The counter of the scientist is to reject spirituality in favor of pure rationality (top of the diagram). What they seem not to understand is that most of humanity is not capable of participating in the discourse under those terms, but requires the deep psychological immersion of religion to substantiate trust in the mysteries tended by the intellectual elites. The faithful can only judge the trustworthiness of that elite by their pronouncements. Words like “stupid”, “sheep”, and “irrational” obviously will be interpreted as inconsistent with reliable moral stewardship, and tend to push the faithful into the arms of sociopaths that promise to protect them (as if that were possible, given the problems that we have mounted up against ourselves).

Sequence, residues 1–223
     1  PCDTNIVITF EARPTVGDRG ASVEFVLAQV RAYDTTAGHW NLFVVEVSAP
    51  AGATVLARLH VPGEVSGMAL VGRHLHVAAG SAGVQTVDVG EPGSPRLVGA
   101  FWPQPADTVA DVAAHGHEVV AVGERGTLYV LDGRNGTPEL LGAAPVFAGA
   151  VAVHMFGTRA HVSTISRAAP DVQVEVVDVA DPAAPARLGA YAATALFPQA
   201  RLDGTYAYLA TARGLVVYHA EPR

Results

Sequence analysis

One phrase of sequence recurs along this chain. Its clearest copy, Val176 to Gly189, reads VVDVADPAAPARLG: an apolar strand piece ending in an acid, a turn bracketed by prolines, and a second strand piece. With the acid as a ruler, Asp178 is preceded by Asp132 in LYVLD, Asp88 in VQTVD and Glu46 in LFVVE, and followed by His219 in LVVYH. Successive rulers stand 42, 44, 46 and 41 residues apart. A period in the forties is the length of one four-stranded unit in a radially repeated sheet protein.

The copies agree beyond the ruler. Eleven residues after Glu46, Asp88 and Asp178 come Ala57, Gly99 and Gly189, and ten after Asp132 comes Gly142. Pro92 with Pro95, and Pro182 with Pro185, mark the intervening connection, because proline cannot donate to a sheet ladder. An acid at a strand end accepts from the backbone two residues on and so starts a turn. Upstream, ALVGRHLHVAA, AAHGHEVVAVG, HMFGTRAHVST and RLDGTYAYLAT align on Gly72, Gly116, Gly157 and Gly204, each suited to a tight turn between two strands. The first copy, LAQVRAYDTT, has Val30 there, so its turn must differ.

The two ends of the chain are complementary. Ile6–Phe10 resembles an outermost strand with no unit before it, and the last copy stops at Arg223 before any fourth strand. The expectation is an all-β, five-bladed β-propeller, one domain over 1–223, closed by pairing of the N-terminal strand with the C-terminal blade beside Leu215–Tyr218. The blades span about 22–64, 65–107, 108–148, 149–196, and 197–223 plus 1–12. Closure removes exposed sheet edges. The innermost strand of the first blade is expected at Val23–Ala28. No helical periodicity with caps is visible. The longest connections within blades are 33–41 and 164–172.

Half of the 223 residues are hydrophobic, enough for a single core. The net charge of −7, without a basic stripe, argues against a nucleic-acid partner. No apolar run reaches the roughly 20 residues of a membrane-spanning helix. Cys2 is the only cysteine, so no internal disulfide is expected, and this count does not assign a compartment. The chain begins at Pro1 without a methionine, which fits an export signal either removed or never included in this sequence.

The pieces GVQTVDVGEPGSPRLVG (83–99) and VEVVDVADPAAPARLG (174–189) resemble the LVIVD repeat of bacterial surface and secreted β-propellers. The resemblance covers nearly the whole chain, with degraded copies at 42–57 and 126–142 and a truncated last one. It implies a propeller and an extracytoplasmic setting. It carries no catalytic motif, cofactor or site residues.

My experience is that economic exchange exploits our strengths and exacerbates our weaknesses. Obviously, it is in the interest of intellectuals to trumpet and enhance their virtues. But what I find, with Hume, is that spiritual engagement with such people is often hollow in the heart. The substitution of science for monotheism elevates rationality without replacing the guarantee of moral stewardship. In my own experience, that guarantee takes this form: when my heart is ready to break under the burden of the pain in the world, I open it a little wider and a great flood of love rushes through. I know that power is not mine.

The Battle Over Personality